DOOM is also one of the main reasons why LAN parties were created, as this game offered networking for multiplayer gaming, which was exciting for many gamers who wanted to play with their friends and neighbors. Again, though, online gaming wasn't nearly as simple as it is today.
In order to truly enjoy DOOM's multiplayer offerings, you had to be on the same local area network as your fellow players. In short, this meant lugging your entire computer to a friend's house or a community gathering place, wiring up to their local network, and initiating a multiplayer game.
This was, in essence, how LAN parties began. As games got more and more complex, and allowed for more players to join in at once, LAN parties steadily grew — sometimes to massive sizes. Teens would play games like StarCraft and Counter-Strike for hours, enjoying snacks like greasy pizza and potato chips and refreshments like soda and energy drinks.
Though some parents disapproved of these parties, they were widely considered one of the best things about gaming in the late 1990s and early 2000s. And while these events have largely dwindled in the modern day due to the rise of high-speed internet, they haven't disappeared entirely.
How LAN Parties Have Endured
As Kill Screen reported, multiplayer PC gaming today takes place mostly online thanks to mainstream broadband internet, but there is still a niche group of people who use good old-fashioned LAN parties for their games.
For the most part, modern LAN parties are reserved for gaming competitions. Competitive eSports, for example, often see players building customized PCs for the parties, decked out with the highest-end gaming mice and keyboards to snuff out their competition.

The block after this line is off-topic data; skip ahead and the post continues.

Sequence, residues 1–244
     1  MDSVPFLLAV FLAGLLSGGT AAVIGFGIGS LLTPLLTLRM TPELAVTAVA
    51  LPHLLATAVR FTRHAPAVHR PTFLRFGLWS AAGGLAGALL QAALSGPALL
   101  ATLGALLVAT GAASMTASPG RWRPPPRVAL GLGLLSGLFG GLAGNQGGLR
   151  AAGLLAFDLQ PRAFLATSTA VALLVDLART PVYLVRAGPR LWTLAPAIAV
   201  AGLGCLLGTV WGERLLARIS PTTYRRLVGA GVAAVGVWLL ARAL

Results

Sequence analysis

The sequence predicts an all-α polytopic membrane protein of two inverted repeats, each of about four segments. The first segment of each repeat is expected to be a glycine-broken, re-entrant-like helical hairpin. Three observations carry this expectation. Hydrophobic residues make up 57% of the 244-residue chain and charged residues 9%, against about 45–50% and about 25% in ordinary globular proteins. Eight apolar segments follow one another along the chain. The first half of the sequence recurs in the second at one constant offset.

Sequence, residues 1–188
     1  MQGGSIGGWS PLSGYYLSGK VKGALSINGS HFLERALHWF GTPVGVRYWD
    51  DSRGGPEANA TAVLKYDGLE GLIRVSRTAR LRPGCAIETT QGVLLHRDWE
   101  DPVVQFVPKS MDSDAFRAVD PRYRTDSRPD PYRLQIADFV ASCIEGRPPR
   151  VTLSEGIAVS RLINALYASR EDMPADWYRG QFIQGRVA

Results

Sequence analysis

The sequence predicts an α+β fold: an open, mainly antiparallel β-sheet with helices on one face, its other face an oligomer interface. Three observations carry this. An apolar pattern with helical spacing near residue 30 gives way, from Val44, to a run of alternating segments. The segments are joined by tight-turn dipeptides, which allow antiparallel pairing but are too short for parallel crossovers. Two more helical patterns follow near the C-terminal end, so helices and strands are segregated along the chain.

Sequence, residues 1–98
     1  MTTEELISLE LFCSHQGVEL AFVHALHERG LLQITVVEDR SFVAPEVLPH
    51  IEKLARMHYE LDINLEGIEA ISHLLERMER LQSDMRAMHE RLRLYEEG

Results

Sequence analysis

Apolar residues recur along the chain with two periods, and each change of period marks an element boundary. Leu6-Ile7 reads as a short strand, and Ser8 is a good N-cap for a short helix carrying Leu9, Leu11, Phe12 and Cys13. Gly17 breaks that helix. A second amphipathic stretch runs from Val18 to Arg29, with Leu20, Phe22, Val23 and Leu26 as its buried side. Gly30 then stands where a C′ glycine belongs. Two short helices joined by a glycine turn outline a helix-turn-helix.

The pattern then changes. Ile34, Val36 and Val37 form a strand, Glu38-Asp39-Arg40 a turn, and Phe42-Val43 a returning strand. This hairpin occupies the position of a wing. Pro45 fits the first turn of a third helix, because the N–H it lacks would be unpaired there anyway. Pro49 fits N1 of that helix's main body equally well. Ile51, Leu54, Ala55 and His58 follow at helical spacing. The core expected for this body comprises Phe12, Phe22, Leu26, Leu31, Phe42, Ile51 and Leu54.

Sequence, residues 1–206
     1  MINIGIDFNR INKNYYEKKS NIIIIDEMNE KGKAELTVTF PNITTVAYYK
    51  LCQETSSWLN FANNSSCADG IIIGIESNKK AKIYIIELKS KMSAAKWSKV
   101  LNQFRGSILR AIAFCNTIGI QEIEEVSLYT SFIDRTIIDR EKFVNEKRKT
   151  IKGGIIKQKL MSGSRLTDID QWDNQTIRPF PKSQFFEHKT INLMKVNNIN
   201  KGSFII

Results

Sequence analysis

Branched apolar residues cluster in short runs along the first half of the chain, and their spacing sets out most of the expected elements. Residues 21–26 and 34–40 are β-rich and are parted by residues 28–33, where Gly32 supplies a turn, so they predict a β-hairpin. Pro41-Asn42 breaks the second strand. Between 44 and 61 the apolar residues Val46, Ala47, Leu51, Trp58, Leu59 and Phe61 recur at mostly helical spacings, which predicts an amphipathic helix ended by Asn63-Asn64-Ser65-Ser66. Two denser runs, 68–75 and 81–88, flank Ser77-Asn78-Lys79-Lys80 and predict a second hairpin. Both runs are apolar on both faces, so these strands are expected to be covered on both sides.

PC building itself has become a widely popular hobby, with countless videos online showing off various designs and creative solutions to improve speed and performance. Today, building a PC is as much about the aesthetic and creativity that you put into it as it is about the games you can play.
But back in the early days of LAN parties, you would have been hard-pressed to find anything other than off-white tower PCs and cables filling the room. People weren't concerned about the hardware or the bells and whistles of their computers — they just wanted to enjoy a game with their friends.
There's something undeniably nostalgic about the peak of LAN party culture of the late 1990s and early 2000s — but it isn't entirely dead today.
A quick search on social media will bring up dozens of results of people hosting LAN parties, even in the 2020s. There's something special about connecting with people in the same room as you play a game together, rather than just talking through Discord. It may not be a necessity anymore, but it's nice to see the LAN party is still alive years after its conception.
After exploring the nostalgic days of LAN parties, check out our gallery of 33 vintage summer camp photos that will take you back to simpler times. Or, see our gallery of 55 '80s photos that will make you laugh and cringe.